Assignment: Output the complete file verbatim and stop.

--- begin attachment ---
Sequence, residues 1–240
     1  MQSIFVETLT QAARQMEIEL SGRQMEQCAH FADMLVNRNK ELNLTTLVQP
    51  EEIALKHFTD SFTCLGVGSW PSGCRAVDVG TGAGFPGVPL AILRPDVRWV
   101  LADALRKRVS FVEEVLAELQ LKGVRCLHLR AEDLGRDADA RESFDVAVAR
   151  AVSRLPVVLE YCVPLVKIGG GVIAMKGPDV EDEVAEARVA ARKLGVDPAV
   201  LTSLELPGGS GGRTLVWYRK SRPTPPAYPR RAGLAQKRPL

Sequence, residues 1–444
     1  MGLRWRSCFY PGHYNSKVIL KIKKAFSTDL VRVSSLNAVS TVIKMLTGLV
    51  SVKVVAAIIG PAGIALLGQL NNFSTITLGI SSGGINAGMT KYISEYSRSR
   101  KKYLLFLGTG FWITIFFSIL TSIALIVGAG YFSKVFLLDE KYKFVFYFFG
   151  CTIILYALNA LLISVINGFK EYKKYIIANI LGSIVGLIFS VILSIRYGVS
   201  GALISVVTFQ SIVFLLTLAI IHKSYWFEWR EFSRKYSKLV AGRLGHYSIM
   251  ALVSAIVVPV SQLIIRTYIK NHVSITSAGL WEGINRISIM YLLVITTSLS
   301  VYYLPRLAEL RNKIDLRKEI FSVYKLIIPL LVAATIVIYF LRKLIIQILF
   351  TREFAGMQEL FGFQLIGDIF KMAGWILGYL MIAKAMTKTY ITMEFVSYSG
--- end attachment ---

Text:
Sequence, residues 1–240
     1  MQSIFVETLT QAARQMEIEL SGRQMEQCAH FADMLVNRNK ELNLTTLVQP
    51  EEIALKHFTD SFTCLGVGSW PSGCRAVDVG TGAGFPGVPL AILRPDVRWV
   101  LADALRKRVS FVEEVLAELQ LKGVRCLHLR AEDLGRDADA RESFDVAVAR
   151  AVSRLPVVLE YCVPLVKIGG GVIAMKGPDV EDEVAEARVA ARKLGVDPAV
   201  LTSLELPGGS GGRTLVWYRK SRPTPPAYPR RAGLAQKRPL

Sequence, residues 1–444
     1  MGLRWRSCFY PGHYNSKVIL KIKKAFSTDL VRVSSLNAVS TVIKMLTGLV
    51  SVKVVAAIIG PAGIALLGQL NNFSTITLGI SSGGINAGMT KYISEYSRSR
   101  KKYLLFLGTG FWITIFFSIL TSIALIVGAG YFSKVFLLDE KYKFVFYFFG
   151  CTIILYALNA LLISVINGFK EYKKYIIANI LGSIVGLIFS VILSIRYGVS
   201  GALISVVTFQ SIVFLLTLAI IHKSYWFEWR EFSRKYSKLV AGRLGHYSIM
   251  ALVSAIVVPV SQLIIRTYIK NHVSITSAGL WEGINRISIM YLLVITTSLS
   301  VYYLPRLAEL RNKIDLRKEI FSVYKLIIPL LVAATIVIYF LRKLIIQILF
   351  TREFAGMQEL FGFQLIGDIF KMAGWILGYL MIAKAMTKTY ITMEFVSYSG